Shawn SixX of "The Liquid Conversations" conducted an interview with NONPOINT drummer Robb Rivera at a stop on the band's recent North American tour with P.O.D. You can listen to the entire chat via the SoundCloud widget below. A few excerpts follow (transcribed by BLABBERMOUTH.NET).
On how long he sees himself doing NONPOINT:
Robb: "I'm gonna be 49 this year. I've been doing it professionally since I was 30. Honestly, I do not know the answer to that question. I think if there's still demand for NONPOINT music, we'll continue. It's just gonna be a little less than before. Everybody's got families now, so it's not gonna be a 'tour, tour, tour, tour.' It's going to be a lot more chill. Like this year, we toured from April to the beginning of June. We had two months off, then [we did] August to September, [and then we had another] two months off. So we've been able to spread out our stuff, whereas before, it was just, like, nine months out of the year [on the road]."
On whether he considers himself an "adult" doing a job instead of a young guy playing music regardless of how little money he makes:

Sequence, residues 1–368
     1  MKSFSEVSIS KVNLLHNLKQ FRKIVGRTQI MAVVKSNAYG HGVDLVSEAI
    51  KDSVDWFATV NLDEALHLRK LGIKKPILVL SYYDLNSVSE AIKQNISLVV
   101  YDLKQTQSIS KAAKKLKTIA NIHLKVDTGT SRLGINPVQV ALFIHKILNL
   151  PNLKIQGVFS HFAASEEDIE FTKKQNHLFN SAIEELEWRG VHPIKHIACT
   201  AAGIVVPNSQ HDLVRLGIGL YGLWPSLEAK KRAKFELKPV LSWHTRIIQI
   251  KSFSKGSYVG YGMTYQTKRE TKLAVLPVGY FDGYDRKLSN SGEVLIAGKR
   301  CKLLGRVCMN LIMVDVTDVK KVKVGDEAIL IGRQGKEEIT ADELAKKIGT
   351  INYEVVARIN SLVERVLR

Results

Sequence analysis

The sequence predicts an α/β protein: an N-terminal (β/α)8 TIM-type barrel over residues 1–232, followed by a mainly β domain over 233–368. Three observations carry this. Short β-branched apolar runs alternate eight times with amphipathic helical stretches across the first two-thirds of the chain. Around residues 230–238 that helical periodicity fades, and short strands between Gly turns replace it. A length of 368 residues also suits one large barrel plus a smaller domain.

Robb: "I don't really consider myself an adult, per se. My wife can attest to that. I look at it as a day-by-day thing… I look at bands like, say a band like ANTHRAX, [who have been going] 35 years. They've been touring like crazy, and I think they're all in their 50s. Me and Elias [Soriano, vocals] made a pact. I remember we played in Rhode Island, Providence. We were in the dressing room and I said, 'Dude, you have my commitment. Always.' Does it get overwhelming? We deal with so much bullshit, and it just rips the soul out of what you love. We deal with so much crap. But at the end of the day, it's all about the shows. A perfect example, on this tour, we've had bus breakdowns — twice. We have another bus, thank god. It was the bus that we had on the last tour; it just wasn't available. We had to get in two rental vans and a U-Haul truck. We've done that twice. Driving all night. Shit like that just rips the soul out of you. And you deal with the industry side of things. You know what's really made this tour work — first off, the shows. Every single show we have done since we've left has been killer. Not one show has sucked. And the P.O.D. band and crew are just outstanding people."